Ultra Low Power Ambulatory Diagnostic Algorithm for the QRS Complex in EKG

Technology #14748

Pulse-Based Electrocardiogram Signal Processing Detects Accurately the Key QRS Complex from Noise, While Drastically Reducing Size and Power Required

This diagnostic pulse based algorithm isolates the needed QRS complex and filters noise from electrocardiogram signals, while reducing size and power consumption. The QRS complex is the graphical deflections seen on an electrocardiogram, the standard tool used to monitor heart function. Regular monitoring can lead to early detection of potentially fatal cardiovascular signals. Cardiovascular disease, the leading cause of death in the world, caused an estimated 30 percent of all deaths in 2008. By 2030, more than 23 million people worldwide will die annually from cardiovascular disease. Many of these deaths are preventable with treatment and proper detection using signals such as the electrocardiogram. Available electrocardiogram technologies that isolate the needed QRS signal from noise are based on digital signal processors with bulky circuitry and require large power consumption to recognize the QRS signals. This diagnostic tool developed by UF researchers uses integrate and fire pulse train finite state machines to automatically interpret electrocardiogram signals and identify potential health threats, while drastically reducing the size and power consumption needed in continuous ambulatory heart monitoring.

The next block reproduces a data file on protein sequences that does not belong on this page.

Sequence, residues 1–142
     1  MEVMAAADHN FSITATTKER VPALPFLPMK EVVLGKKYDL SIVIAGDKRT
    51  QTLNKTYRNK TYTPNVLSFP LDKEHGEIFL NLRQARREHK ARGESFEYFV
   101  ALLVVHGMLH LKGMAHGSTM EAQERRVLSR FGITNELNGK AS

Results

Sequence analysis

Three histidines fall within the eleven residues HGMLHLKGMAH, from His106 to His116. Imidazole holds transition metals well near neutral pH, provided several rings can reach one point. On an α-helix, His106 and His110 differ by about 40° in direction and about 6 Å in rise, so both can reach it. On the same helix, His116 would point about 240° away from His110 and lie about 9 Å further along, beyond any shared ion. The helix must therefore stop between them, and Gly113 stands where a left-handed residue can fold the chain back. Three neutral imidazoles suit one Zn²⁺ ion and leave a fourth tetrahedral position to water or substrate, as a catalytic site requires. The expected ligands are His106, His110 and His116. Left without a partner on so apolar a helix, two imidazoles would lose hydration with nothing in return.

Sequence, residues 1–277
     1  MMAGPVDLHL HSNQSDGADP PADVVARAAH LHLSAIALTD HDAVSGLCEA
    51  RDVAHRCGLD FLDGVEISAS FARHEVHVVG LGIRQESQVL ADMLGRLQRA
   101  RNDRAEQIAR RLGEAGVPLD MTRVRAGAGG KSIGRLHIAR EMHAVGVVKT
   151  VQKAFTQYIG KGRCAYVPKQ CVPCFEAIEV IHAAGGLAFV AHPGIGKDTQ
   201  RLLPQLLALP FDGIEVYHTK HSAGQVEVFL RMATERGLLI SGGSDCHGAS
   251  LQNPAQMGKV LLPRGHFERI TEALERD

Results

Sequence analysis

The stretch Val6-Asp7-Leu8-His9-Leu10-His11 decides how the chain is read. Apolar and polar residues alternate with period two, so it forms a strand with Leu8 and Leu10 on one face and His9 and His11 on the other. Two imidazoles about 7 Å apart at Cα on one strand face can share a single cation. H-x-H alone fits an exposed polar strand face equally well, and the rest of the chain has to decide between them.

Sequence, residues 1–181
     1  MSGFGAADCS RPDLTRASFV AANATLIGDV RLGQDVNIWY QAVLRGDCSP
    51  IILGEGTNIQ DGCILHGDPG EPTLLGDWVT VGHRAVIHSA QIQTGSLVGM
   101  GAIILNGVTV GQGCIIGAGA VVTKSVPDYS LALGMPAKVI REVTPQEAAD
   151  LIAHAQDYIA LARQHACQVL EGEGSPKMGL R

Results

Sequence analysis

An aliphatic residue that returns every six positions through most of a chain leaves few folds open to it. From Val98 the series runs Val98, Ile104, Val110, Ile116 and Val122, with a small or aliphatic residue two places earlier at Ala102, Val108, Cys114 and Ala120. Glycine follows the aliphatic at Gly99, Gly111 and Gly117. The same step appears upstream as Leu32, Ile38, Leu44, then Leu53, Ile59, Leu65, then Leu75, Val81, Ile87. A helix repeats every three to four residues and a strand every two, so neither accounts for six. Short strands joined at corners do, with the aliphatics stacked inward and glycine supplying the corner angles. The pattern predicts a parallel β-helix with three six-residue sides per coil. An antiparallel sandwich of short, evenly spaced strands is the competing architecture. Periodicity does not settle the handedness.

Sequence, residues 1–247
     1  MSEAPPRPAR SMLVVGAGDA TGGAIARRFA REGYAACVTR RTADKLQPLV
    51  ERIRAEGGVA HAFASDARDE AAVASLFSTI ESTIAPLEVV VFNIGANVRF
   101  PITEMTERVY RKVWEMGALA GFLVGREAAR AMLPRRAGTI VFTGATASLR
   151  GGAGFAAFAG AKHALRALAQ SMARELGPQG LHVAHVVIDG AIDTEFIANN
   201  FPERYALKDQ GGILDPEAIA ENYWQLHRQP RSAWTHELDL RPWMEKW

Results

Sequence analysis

Application

Continuous ambulatory monitoring diagnostic tool for QRS complex detection

Advantages

  • Converts electrocardiogram signals into pulse representations, lowering power consumption
  • Isolates QRS events from noise, enabling clear monitoring and easy analysis of signals
  • Lowers power consumption, extending operational time and battery life
  • Implementable in simple hardware design, reducing manufacturing costs and increasing ease of mobile use

Technology

Integrate and fire sampling encodes a signal in a series of time events rather than as uniformly spaced amplitude values, reducing power consumption by two orders of magnitudes versus existing digital signal processing. It also leads to revolutionary new ways to build ultra low power devices based on finite state automata that recognize events of interest in physiologic monitoring. The technology is fully compatible with existing electrocardiogram designs, replacing existing spacious and power-demanding DSP circuitry, and suffers no loss of performance while providing ultra-low power consumption.